Watchtower Coercion of Non-JWs
When my (at the time) father-in-law was in the hospital with his final illness, one of the reasons the doctors couldn't give him the surgery that might have extended his life was that he refused to accept the almost inevitably necessary blood transfusions it would entail.
Mind you, he was never a JW, not even particularly favorable toward their beliefs. I'd say it was more like he was tolerant out of an effort to maintain peace with his wife, who has a strong-willed if not domineering personality. Many in the family believed it was she that really "ran the show," and that he was pretty much under her thumb. Once in a while, he'd "get his back up" and stand up to her, but most of the time, he'd just give a resigned sigh and yield to her.
Anyway, I went to see him in the hospital and had a nice talk with him, mostly about non-controversial things like family and old times. I then told him what my dad, who had been a Congregation Servant since the 50's and an Elder since that arrangement came out in the 70's, told his own non-JW brother. He told his brother that he would think no less of him if he took blood, and that to refuse blood because of what someone else thought would be pointless. He stressed that he had never been baptized, never claimed to be a Witness, and therefore had no duty to take a position that he'd never accepted before and that he had serious reservations about anyway.
So I told "Grandpa" that he should only refuse blood if he himself believed it was wrong, and NOT because "Grandma" thought it was wrong, or what she might say to him if he did take it. I told him that refusing blood because he didn't want to disappoint some else by violating a belief THEY had but he didn't share was ridiculous. Then we moved on to other things and I left on very good terms with him.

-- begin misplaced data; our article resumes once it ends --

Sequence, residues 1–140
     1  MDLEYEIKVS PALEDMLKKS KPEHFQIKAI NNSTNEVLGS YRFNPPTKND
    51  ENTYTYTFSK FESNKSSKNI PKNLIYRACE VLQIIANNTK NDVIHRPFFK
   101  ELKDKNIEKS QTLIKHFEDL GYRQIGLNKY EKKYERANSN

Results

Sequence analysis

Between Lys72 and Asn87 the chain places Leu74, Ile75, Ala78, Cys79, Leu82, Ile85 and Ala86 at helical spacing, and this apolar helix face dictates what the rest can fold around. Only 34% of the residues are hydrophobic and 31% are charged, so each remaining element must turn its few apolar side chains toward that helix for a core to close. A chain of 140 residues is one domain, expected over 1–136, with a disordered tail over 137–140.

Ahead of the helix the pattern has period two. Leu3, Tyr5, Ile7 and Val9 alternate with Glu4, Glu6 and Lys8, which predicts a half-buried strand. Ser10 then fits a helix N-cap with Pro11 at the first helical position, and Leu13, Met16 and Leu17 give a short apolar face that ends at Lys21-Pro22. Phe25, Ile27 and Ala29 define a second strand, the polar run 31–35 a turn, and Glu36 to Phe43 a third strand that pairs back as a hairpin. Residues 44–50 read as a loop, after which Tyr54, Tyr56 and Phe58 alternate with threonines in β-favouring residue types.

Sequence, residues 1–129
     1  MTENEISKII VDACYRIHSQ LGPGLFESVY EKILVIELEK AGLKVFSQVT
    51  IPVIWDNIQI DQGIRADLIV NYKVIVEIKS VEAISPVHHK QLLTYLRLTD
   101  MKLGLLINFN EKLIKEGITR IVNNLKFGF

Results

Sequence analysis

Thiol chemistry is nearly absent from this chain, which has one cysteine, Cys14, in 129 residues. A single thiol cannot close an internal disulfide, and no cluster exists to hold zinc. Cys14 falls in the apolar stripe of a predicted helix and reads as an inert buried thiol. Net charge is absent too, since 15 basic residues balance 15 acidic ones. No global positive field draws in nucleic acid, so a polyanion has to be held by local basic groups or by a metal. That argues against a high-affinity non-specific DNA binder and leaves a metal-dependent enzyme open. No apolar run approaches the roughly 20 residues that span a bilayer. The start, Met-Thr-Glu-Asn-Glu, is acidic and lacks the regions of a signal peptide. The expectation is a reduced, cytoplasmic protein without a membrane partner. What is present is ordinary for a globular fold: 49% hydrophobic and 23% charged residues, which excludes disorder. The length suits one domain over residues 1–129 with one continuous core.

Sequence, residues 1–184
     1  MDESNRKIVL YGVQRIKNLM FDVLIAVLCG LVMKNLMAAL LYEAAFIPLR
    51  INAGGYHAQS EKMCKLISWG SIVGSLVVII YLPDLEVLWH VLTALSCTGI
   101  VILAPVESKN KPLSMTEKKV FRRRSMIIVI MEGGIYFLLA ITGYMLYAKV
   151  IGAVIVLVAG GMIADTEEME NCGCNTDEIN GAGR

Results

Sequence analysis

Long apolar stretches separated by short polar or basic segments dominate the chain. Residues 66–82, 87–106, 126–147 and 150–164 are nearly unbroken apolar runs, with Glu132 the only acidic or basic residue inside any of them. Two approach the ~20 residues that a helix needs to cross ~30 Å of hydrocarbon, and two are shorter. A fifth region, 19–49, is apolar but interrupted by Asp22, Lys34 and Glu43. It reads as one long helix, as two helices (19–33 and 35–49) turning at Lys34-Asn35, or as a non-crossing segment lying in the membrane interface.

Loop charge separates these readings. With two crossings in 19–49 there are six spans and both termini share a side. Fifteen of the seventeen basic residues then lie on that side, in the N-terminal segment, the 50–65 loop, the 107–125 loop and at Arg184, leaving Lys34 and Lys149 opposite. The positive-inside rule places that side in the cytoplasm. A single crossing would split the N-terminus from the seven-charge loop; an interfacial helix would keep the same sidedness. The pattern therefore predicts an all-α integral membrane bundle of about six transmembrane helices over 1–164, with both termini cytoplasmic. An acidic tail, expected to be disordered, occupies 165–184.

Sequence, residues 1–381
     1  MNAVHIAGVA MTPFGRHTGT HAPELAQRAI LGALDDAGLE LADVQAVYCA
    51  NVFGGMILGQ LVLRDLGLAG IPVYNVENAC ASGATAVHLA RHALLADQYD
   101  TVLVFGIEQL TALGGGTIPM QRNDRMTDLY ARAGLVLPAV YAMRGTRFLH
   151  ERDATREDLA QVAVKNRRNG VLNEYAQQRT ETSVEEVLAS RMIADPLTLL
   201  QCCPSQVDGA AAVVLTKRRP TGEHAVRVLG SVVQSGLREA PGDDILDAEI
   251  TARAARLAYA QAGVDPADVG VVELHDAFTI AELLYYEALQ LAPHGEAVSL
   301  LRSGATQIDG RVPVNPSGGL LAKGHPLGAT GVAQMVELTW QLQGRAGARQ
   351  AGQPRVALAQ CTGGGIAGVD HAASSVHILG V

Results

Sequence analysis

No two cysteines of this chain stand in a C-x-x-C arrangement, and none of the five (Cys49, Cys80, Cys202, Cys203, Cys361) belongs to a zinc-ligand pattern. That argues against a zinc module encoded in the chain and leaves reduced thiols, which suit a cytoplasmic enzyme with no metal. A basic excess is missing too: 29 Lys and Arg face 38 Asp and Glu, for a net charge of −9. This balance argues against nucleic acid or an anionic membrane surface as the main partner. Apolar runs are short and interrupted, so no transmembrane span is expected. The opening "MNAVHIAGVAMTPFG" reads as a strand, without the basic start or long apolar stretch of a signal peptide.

"Grandma" sent word that I was not to visit "Grandpa" in the hospital anymore because I was "pressuring him to take a blood transfusion." I just replied that I didn't take my orders from "Grandma," and that I'd visit him whenever I could and say whatever I wanted. When I said that I'd only told him what my dad had told his own brother, I didn't hear any more about it.
It turned out that all this drama was a moot point. The doctors said it was an extremely risky and complicated procedure anyway, and he would not have been able to survive it at that point even if blood transfusions had been an option. He died a few days later.
"Grandma" insisted on a Witness funeral, and they played up how supportive he was even though he never got baptized and went to very few meetings. They completely omitted any reference to his other fine attributes and accomplishments, or even that he was a World War II GI in the Pacific. No mention whatsoever.
Did I mention that I HATE this blanking cult?
Thank you "Under the Radar" for another example of this pernicious aspect of the WT blood doctrine.